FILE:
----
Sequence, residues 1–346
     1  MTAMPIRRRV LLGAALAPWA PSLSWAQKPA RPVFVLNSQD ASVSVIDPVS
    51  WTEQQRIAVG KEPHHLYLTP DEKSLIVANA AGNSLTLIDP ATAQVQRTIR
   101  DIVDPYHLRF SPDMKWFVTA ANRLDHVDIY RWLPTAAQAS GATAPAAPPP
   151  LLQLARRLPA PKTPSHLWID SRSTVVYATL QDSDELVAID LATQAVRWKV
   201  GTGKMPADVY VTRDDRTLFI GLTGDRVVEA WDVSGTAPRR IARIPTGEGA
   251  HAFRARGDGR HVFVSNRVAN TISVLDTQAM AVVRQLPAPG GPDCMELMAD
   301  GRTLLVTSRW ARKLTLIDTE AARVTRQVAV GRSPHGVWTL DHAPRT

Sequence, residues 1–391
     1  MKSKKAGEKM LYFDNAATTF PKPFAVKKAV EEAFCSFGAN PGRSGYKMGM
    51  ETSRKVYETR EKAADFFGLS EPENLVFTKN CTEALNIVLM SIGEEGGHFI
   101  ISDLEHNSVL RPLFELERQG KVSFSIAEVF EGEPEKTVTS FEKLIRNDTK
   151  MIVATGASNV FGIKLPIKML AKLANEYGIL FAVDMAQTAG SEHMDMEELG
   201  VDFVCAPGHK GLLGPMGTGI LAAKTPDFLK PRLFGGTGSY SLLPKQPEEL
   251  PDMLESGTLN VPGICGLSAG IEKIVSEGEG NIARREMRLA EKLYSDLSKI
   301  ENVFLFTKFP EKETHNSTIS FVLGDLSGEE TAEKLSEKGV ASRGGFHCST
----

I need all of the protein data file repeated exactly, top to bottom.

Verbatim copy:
Sequence, residues 1–346
     1  MTAMPIRRRV LLGAALAPWA PSLSWAQKPA RPVFVLNSQD ASVSVIDPVS
    51  WTEQQRIAVG KEPHHLYLTP DEKSLIVANA AGNSLTLIDP ATAQVQRTIR
   101  DIVDPYHLRF SPDMKWFVTA ANRLDHVDIY RWLPTAAQAS GATAPAAPPP
   151  LLQLARRLPA PKTPSHLWID SRSTVVYATL QDSDELVAID LATQAVRWKV
   201  GTGKMPADVY VTRDDRTLFI GLTGDRVVEA WDVSGTAPRR IARIPTGEGA
   251  HAFRARGDGR HVFVSNRVAN TISVLDTQAM AVVRQLPAPG GPDCMELMAD
   301  GRTLLVTSRW ARKLTLIDTE AARVTRQVAV GRSPHGVWTL DHAPRT

Sequence, residues 1–391
     1  MKSKKAGEKM LYFDNAATTF PKPFAVKKAV EEAFCSFGAN PGRSGYKMGM
    51  ETSRKVYETR EKAADFFGLS EPENLVFTKN CTEALNIVLM SIGEEGGHFI
   101  ISDLEHNSVL RPLFELERQG KVSFSIAEVF EGEPEKTVTS FEKLIRNDTK
   151  MIVATGASNV FGIKLPIKML AKLANEYGIL FAVDMAQTAG SEHMDMEELG
   201  VDFVCAPGHK GLLGPMGTGI LAAKTPDFLK PRLFGGTGSY SLLPKQPEEL
   251  PDMLESGTLN VPGICGLSAG IEKIVSEGEG NIARREMRLA EKLYSDLSKI
   301  ENVFLFTKFP EKETHNSTIS FVLGDLSGEE TAEKLSEKGV ASRGGFHCST